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A.J. Hostetler, Communications Director
Student clients gain job skills, independence
(RICHMOND, Va.) — May 28, 2014 — Nearly 100 Virginia students with intellectual and developmental disabilities gained valuable work experience and interpersonal skills this school year through an innovative workforce and career development program.
Project SEARCH provides high school students with disabilities a hands-on training program during their senior year of high school. Students work in a health care or business setting, with the goal of gaining employment by the end of the school year. Some of the host sites offer employment to their student-interns. This year, more than a third of the participating students have secured jobs.
Thirteen host sites across the Commonwealth participated, including two new sites for the 2013-14 academic year, Bon Secours Memorial Regional Medical Center in Mechanicsville and Bon Secours Maryview Medical Center in Portsmouth. Project SEARCH is coordinated by the Virginia Department for Aging and Rehabilitative Services, the Virginia Department of Education and local public schools systems.
“In the spring, Project SEARCH students complete what is typically a transformative year for them. Many of them start the year as a young student with a disability and end the year as an employee, colleague and taxpayer. They not only have a new identity as a worker, but also a new social network and much improved sense of self,” said DARS Commissioner Jim Rothrock.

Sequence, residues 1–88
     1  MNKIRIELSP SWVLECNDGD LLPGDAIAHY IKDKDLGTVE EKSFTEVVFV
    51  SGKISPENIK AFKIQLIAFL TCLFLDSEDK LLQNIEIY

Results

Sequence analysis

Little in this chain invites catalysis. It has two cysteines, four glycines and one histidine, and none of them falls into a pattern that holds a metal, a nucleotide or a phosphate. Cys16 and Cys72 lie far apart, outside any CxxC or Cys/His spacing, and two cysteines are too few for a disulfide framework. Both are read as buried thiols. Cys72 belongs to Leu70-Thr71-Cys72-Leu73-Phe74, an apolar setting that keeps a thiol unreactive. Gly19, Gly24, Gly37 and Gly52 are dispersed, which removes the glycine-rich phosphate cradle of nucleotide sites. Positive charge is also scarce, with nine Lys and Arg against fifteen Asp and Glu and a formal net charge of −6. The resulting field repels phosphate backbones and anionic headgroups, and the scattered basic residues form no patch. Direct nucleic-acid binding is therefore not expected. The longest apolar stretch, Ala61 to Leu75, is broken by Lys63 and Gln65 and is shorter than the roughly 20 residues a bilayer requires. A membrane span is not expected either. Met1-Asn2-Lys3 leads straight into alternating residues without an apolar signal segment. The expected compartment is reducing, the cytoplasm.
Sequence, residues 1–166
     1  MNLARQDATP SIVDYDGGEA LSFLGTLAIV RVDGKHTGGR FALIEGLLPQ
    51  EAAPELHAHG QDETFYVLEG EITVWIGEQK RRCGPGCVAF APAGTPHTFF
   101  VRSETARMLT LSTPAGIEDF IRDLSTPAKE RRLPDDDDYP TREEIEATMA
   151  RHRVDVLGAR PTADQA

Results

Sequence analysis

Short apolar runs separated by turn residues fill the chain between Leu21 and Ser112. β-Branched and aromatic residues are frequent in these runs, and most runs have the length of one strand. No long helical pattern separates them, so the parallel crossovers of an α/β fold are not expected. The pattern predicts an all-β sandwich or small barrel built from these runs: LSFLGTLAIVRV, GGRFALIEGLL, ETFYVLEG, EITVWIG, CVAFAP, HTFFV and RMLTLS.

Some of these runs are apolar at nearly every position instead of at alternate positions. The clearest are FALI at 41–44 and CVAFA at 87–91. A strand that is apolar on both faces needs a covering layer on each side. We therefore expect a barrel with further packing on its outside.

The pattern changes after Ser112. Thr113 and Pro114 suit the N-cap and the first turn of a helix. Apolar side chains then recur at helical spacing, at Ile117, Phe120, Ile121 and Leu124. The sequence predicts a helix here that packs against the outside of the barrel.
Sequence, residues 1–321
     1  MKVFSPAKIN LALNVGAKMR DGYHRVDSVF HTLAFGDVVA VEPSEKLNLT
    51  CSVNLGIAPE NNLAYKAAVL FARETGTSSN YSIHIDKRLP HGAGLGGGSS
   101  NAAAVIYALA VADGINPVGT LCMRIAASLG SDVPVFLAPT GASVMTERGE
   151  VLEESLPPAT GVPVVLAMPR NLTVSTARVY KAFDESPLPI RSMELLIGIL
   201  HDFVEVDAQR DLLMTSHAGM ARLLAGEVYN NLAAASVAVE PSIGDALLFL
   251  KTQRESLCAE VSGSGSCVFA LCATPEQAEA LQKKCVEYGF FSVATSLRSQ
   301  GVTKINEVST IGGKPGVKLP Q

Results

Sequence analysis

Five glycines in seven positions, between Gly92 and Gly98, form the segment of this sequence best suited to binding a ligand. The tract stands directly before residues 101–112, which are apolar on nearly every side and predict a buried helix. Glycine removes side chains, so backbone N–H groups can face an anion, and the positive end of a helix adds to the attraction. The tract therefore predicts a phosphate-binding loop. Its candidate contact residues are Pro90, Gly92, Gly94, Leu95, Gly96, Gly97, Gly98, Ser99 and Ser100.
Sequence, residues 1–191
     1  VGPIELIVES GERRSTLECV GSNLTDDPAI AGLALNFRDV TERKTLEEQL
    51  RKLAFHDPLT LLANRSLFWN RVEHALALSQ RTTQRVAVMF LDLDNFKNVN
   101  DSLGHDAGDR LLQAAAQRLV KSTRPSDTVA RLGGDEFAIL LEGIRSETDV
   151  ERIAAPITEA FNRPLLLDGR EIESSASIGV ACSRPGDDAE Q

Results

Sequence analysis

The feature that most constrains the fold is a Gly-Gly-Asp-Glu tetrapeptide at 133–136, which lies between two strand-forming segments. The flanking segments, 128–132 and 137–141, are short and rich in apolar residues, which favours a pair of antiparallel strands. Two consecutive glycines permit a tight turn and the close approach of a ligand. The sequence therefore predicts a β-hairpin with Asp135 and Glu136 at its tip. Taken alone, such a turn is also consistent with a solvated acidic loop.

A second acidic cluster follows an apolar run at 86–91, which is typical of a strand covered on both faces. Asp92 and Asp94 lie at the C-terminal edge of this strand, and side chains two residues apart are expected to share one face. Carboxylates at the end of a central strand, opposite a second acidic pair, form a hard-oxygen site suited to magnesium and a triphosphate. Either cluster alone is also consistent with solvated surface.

Host sites mark the end of the internships with graduations. “These ceremonies are celebrations for our graduates, their families, the hospitals where they interned, and in the end, our Commonwealth,” Rothrock said.
Project SEARCH, a national program dedicated to providing education and training to young adults with intellectual and developmental disabilities, began in Virginia in 2005. Each year, DARS provides nearly $600,000 to fund job coaches to work with the participants through the academic year to ensure that they learn the responsibilities and duties of the workplace.
Throughout the school year, DARS counselors guide their young clients through the program, working with teachers from the students’ local schools as well as job coaches from local employment service organizations. These partners work each day to make students’ transition seamless from the initial interview for the program to graduation. Students work in jobs such as pharmacy aide or data entry clerk while learning the professional, interpersonal and independent living skills that can transfer to other jobs and enhance their independence.
Participating students will graduate from the Project SEARCH program at Inova Alexandria Hospital on June 6. Other Project SEARCH sites and their graduation dates are:
- Bon Secours St. Francis Medical Center, Midlothian, June 3
- Bon Secours St. Mary’s Hospital, Richmond, June 3
- Carilion New River Valley Medical Center, Christiansburg, June 3
- Sentara Norfolk General Hospital, June 3
- Bon Secours Maryview Medical Center, Portsmouth, June 6
- Carilion Roanoke Memorial Hospital, June 6
- Bon Secours Memorial Regional Medical Center, Mechanicsville, June 11
- Sentara Williamsburg Regional Medical Center, June 12
- Virginia Commonwealth University Health System, Richmond, June 12
- Novant Health Prince William Medical Center, Manassas, June 13
Students participating in the Project SEARCH programs at Sentara Careplex Hospital in Hampton and the Clinch Valley Medical Center in Richlands graduated in May. Reporters wishing to attend specific graduation events are urged to contact the public relations offices of the Project SEARCH host hospitals.
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The Virginia Department for Aging and Rehabilitative Services, in collaboration with community partners, provides and advocates for resources and services to improve the employment, quality of life, security, and independence of older Virginians, Virginians with disabilities, and their families. For more information, visit www.vadars.org. Follow DARS at Facebook.com/vadars or on Twitter @vadars.